I tried to get an interview with Maduro in February but he declined.
I tried to get an interview with Assad in April and just this month — I even offered to leave my phone at the Syrian embassy in Beirut, drive to Damascus with a person approved by the Syrian government, and have the president’s office record the interview and send it on to the magazine that had commissioned the interview — and that was declined too.
Why do the Russian, Syrian and Venezuelan governments trust Blumenthal and treat him as a friend?
And why can I not get interviews with anyone in those governments?
Just a guess, but maybe they trust him and they don’t trust me (which is understandable, I confess).
I wouldn’t ever meet with Donald Trump at the White House nor attend the White House Correspondents’ Association Dinner, which is a truly revolting event where rich lapdog Washington journalists pat themselves on the back for being so fiercely independent.
Nor would I ever meet with Maduro, Putin or Assad, except to ask them difficult questions about the way they rule their countries. I don’t care about their stance towards the U.S. government, whose foreign policy I have condemned for decades, I care about how they treat their own people.
But the enemy of my enemy is not my friend, and I am not a bootlicker to governments simply because they offer anti-U.S. rhetoric.
The Soviet Union was a disaster for socialism and it was right to denounce it from the left. The same goes for Putin — who along with Trump heads perhaps the two most savagely capitalist regimes on the planet — and Maduro and Assad.
I.F. Stone one said, “All governments are liars.” Correct, and no “journalist” under any circumstance should be feted by a foreign government unless it is comprised primarily of angels, and I don’t know many that are.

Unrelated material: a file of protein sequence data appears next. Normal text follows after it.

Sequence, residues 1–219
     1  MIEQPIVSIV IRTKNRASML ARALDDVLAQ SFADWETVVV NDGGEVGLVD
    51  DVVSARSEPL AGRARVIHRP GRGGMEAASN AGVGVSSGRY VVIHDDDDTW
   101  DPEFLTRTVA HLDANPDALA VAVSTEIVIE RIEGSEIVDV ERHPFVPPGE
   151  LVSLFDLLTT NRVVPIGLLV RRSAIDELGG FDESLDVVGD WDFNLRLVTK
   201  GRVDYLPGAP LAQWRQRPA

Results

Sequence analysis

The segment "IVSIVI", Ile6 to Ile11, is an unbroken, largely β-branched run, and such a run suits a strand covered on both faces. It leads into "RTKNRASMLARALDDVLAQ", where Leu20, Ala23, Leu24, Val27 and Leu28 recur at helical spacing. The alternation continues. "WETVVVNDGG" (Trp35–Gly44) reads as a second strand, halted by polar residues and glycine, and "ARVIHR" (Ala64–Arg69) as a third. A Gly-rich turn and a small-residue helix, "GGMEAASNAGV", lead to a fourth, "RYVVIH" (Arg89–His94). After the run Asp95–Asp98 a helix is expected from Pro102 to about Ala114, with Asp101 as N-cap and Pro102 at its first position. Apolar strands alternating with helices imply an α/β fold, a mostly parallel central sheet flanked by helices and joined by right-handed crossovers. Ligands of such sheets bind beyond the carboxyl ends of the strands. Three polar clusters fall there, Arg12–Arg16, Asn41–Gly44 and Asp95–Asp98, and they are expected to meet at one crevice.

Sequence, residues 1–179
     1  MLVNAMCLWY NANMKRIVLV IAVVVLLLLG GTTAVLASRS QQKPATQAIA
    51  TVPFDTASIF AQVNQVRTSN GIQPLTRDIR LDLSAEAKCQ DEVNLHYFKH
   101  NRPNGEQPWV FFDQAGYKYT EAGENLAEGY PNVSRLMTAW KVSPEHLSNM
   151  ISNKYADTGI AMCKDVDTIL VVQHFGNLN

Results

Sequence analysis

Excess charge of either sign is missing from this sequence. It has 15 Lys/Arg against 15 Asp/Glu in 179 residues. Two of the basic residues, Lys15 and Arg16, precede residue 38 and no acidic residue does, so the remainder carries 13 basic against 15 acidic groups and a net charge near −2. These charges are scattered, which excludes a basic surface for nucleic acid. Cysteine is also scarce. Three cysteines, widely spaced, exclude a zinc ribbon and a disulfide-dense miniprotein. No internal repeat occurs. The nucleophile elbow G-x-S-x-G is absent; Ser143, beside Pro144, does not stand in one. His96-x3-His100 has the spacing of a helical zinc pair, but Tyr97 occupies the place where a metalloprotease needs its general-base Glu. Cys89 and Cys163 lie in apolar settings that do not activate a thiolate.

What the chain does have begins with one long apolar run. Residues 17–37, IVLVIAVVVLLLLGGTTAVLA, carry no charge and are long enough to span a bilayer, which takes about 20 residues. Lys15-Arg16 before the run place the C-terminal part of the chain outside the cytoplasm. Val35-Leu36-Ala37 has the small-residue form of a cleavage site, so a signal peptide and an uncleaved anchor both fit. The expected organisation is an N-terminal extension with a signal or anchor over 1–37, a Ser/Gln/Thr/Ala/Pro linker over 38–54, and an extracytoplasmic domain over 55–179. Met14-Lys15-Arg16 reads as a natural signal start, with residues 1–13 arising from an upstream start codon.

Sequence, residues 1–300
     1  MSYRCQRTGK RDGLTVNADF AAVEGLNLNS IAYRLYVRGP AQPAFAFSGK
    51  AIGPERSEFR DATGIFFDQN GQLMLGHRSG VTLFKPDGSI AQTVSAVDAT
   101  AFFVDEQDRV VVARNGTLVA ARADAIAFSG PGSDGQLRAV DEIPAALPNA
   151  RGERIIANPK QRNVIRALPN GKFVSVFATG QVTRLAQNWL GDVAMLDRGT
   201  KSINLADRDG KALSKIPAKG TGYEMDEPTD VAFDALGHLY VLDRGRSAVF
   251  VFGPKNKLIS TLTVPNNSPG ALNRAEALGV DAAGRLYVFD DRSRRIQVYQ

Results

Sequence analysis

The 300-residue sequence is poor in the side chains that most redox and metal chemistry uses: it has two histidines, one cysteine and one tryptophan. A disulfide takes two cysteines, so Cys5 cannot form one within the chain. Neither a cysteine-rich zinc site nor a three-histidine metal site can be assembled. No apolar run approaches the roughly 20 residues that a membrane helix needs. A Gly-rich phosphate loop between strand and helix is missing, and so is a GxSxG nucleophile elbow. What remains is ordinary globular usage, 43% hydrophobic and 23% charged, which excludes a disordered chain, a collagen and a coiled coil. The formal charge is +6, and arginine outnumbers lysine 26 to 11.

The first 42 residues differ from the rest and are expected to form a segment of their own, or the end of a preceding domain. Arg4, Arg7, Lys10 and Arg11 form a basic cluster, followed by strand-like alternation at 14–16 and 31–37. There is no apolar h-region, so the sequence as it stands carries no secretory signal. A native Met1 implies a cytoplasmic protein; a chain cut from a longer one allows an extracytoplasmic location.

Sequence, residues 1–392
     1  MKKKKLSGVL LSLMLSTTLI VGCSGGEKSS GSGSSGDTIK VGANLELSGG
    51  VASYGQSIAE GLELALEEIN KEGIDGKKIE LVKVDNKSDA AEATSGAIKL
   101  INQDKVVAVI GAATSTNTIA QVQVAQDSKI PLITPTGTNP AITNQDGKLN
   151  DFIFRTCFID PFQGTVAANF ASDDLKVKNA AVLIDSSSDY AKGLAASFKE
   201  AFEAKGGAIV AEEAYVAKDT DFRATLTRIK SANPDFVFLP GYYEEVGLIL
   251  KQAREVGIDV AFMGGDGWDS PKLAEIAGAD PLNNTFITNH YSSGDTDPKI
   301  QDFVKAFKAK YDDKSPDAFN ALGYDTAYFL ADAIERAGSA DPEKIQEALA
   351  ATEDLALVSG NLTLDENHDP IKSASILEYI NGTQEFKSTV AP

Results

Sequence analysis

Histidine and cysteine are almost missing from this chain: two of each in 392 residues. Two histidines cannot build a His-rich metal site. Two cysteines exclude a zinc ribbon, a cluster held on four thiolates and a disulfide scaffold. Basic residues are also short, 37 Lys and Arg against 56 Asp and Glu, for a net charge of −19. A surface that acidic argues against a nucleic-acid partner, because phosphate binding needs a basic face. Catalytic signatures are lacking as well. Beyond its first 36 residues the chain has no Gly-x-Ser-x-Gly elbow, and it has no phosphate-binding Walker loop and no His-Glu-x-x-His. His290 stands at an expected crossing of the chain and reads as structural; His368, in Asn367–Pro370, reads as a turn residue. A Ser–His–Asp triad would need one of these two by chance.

I do want to note that I disagree with part of Louis Proyect’s critique of Blumenthal and I think Proyect’s application of class analysis to a country like Syria — where class is important but not a more useful prism than, for example, religion, family and clan — is misguided.
Unlike Proyect, I agree with Blumenthal that the opposition to Assad very quickly became led by radical jihadists, funded by the West, because they had more weapons than secularists, and because it served the West’s purpose to support them, no matter how devastating an impact that would have on the Syrian people. (And indeed, the jihadists near triumph devastated the country…)
But there’s a difference between Proyect and Blumenthal.
The former is rigorously honest, even if I don’t always agree with him.
Blumenthal is a hack.
The Grayzone is the perfect title for his “journalism” entity because nothing he writes can be trusted, he is an ideologue and not a reporter, he professes to be independent but takes free trips from cruel foreign governments, and he has frequently served as a mouthpiece for Democratic Party policies that his daddy favors, as Andrew Stewart described here.
When confronted about his visit to Russia, Blumenthal whined that he didn’t care what the mainstream media thought of him nor craved its approval.
But he does apparently crave Maduro’s.
In February, he and Norton bagged an interview with the vice president. This time they got the great man himself, and were featured prominently on pro-government TV as they walked up to greet him along with anti-intervention activists.
Blumenthal and Norton come out of this looking worse than anyone. After all, they claim to be journalists.
But the activists who went along also deserve to be condemned.
I’m glad you occupied the Venezuelan embassy in Washington — though I have some serious questions about that as well, especially what motivated you more, glory or solidarity, and if the latter your solidarity now appears to be more with the corrupt Venezuelan government than with the people — but either way your conduct in Caracas is a disgrace.